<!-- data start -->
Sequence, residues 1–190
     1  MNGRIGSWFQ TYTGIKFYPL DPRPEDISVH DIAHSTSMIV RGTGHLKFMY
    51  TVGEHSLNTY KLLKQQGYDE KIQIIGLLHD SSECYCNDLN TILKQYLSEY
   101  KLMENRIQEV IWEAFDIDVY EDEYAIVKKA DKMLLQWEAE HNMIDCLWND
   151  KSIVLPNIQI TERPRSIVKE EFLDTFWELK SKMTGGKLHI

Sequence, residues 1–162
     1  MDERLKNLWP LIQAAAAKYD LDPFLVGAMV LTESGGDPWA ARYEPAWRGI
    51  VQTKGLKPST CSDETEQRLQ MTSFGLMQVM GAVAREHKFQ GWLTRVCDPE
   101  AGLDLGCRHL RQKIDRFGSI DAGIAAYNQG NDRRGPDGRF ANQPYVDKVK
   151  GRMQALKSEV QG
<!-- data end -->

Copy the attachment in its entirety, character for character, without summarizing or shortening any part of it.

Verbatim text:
Sequence, residues 1–190
     1  MNGRIGSWFQ TYTGIKFYPL DPRPEDISVH DIAHSTSMIV RGTGHLKFMY
    51  TVGEHSLNTY KLLKQQGYDE KIQIIGLLHD SSECYCNDLN TILKQYLSEY
   101  KLMENRIQEV IWEAFDIDVY EDEYAIVKKA DKMLLQWEAE HNMIDCLWND
   151  KSIVLPNIQI TERPRSIVKE EFLDTFWELK SKMTGGKLHI

Sequence, residues 1–162
     1  MDERLKNLWP LIQAAAAKYD LDPFLVGAMV LTESGGDPWA ARYEPAWRGI
    51  VQTKGLKPST CSDETEQRLQ MTSFGLMQVM GAVAREHKFQ GWLTRVCDPE
   101  AGLDLGCRHL RQKIDRFGSI DAGIAAYNQG NDRRGPDGRF ANQPYVDKVK
   151  GRMQALKSEV QG